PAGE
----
Froshmore Year
No freshmen. Ever.


(permanent link) added: 2012-05-04 11:13:24 sponsor: iluvendil (last reply: 2013-08-11 14:19:27)

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Froshmore Year is an odd phenomenon almost exclusive to the Teen Drama genre where a series will begin in the featured characters' sophomore year. Aside from one-shot characters used to show that there's someone even further down in the pecking order, or possibly younger siblings introduced once the major characters are safely upperclassmen, there are almost never any freshman characters. This is done despite the fact that 9th Grade is a dramatic goldmine in which most kids encounter the learning curve of high school life and that it would give the writers another year of content before having to brace for a paradigm shift when the kids graduate.

Some shows will even try to have their cake and eat it too by going out of their way to avoid 9th Grade while still capitalizing on the newbie outsiderness of freshmen by stating that their high school begins in 10th Grade, which can occasionally be an example of Truth in Television.

There are a few possible reasons/justifications for this. One would be to avoid the usual "Freshman Year" situations that might get in the way of the plot, and it should also be noted that many school districts in America still go by the K-6/7-9/10-12 distribution of Grades, so they technically don't have freshmen, either. Another might be an attempt to make Dawsonís Casting less noticeable and to eliminate some potential squick factor of sexualizing the leads in the eyes of the general public.

This trope doesn't generally apply outside the Teen Drama genre, as family-centered dramas and sitcoms tend to start off with younger children who, by necessity, have to grow up, and adult-centered dramas or procedurals don't tend to have kids around enough for their ages to really matter. One theory for this, at least in the context of sitcoms, is that being a freshman puts the protagonist at the bottom of the social hierarchy, making them unfamiliar with their surroundings, and a target for the jerkass. On the other hand; beautiful, popular, and sophisticated teen drama people were never freshmen, because that's, like... so lame.

Examples:

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[[folder:Comic Books]]
  • Spider-Man was bitten by the spider which gave him his powers when he was fifteen, which would probably put him at sophomore age, and all of his classmates were roughly the same age.
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[[folder:Live Action TV]]
  • Buffy the Vampire Slayer: Double whammy in that not only did Buffy come to Sunnydale in her sophomore year, it's implied that it's directly on the heels of her adventures in L.A., which would mean she wasn't even called to action as the slayer *in the backstory* until her sophomore year.
  • Dawson's Creek: Joey explicitly states in the pilot that she and Dawson are starting high school, and Dawson is classified as a freshman by Mr. Gold, and yet they are also stated to be fifteen and in 10th Grade. Granted, graduation didn't come until the end of Season Four, but that was only because Seasons One and Two covered one school year; Season One's finale states very clearly that it had only been three months since the pilot, and Season Two picks about about 30 seconds from where Season One left off.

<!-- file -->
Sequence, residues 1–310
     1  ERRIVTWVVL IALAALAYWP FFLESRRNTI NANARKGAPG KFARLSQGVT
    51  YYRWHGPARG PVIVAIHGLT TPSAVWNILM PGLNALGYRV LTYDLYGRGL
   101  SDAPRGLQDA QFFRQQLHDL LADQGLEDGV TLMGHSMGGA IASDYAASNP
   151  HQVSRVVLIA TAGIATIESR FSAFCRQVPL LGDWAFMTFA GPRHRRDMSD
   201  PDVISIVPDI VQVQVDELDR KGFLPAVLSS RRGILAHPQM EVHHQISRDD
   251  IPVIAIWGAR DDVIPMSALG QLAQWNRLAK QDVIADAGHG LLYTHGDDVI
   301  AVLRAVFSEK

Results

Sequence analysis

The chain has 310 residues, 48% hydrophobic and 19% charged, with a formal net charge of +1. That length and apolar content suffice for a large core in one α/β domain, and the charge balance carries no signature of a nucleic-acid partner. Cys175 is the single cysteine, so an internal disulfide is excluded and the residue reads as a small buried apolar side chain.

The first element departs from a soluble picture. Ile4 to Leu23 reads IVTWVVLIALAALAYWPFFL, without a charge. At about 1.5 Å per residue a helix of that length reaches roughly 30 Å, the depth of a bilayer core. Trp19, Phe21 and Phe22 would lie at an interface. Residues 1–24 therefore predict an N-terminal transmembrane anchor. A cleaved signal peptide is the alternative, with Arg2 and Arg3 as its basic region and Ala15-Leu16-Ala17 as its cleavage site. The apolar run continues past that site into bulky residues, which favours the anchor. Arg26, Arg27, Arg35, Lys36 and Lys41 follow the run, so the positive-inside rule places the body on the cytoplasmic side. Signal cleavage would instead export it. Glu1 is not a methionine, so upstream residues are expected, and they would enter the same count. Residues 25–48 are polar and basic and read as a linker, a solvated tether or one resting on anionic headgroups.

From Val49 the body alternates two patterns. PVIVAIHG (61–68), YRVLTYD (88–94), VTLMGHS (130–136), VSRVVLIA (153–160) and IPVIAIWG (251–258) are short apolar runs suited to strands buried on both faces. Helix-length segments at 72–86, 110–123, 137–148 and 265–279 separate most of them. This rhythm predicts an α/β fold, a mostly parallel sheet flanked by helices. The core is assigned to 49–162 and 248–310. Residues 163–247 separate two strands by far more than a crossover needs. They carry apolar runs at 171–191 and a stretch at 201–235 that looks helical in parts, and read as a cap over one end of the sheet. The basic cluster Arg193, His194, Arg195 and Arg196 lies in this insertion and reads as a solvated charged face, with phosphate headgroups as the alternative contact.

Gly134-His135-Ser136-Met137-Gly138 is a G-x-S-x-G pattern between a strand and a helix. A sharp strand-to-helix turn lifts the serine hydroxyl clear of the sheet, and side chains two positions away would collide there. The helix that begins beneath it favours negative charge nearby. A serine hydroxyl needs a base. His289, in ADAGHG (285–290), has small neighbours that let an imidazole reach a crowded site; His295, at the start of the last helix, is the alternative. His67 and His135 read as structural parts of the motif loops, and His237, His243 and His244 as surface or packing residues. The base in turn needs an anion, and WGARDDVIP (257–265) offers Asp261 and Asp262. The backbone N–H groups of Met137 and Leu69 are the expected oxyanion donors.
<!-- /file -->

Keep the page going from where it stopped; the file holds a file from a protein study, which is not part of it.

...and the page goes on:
• Degrassi: Gloriously averted in that the characters started off in 7th and 8th Grade and were allowed to age right through 9th and beyond.
  • Freaks and Geeks: Averted. Sam Weir and his buddies were "geeky" freshmen for the television series' very short run.
  • Glee: Rachel states in the pilot that she's a sophomore, and it is assumed that all the kids are in the same year. It isn't until the Third Season premiere that a few of them are retconned into juniors in what, for all intents in purposes, should have been their senior year.
  • Head of The Class: Averted. When Charlie Moore takes over teaching the class it seems as though they'd been at it for a year or more already; but the show lasted 5 seasons*, which means that they were freshmen when he started teaching.
    • [1] is the Seasons 4 & 5 took place over senior year.
  • Heroes: Claire starts off the show as a sophomore.
  • Popular: Sam, Brooke, Harrison, and the rest were all sophomores in Season One, and Word of God says that had the show gotten a third season, they would have graduated at the end of it.
  • Power Rangers: Though it took them four seasons to graduate, Word of God as per the official merchandise places not a single Ranger below the age of sixteen during the first season. The only one to graduate ahead of the others was Billy, who was a freakiní genius, and given what ideal role models they were all supposed to be, itís doubtful any much less all of them were in remedial classes.
  • Veronica Mars starts in Veronica's junior year, but When It All Began and many flashbacks are set in the previous year, while freshman year isn't mentioned much.
  • The Wonder Years: Whether or not itís an aversion really depends on how you classify its genre. If you see it as primarily the story of Kevin, Winnie, and Paul, then it is, since they start off in 7th Grade and age right on up through 11th Grade. If you see it as a family dramedy that includes the adolescent protagonistís best friend and childhood sweetheart, then not so much.
  • Welcome Freshmen: A major aversion in that enduring freshman year was the show's entire premise. After the Second Season, all but one character became sophomores. The show's title was kept by flunking Walter and making him repeat 9th Grade, while new freshmen were introduced.
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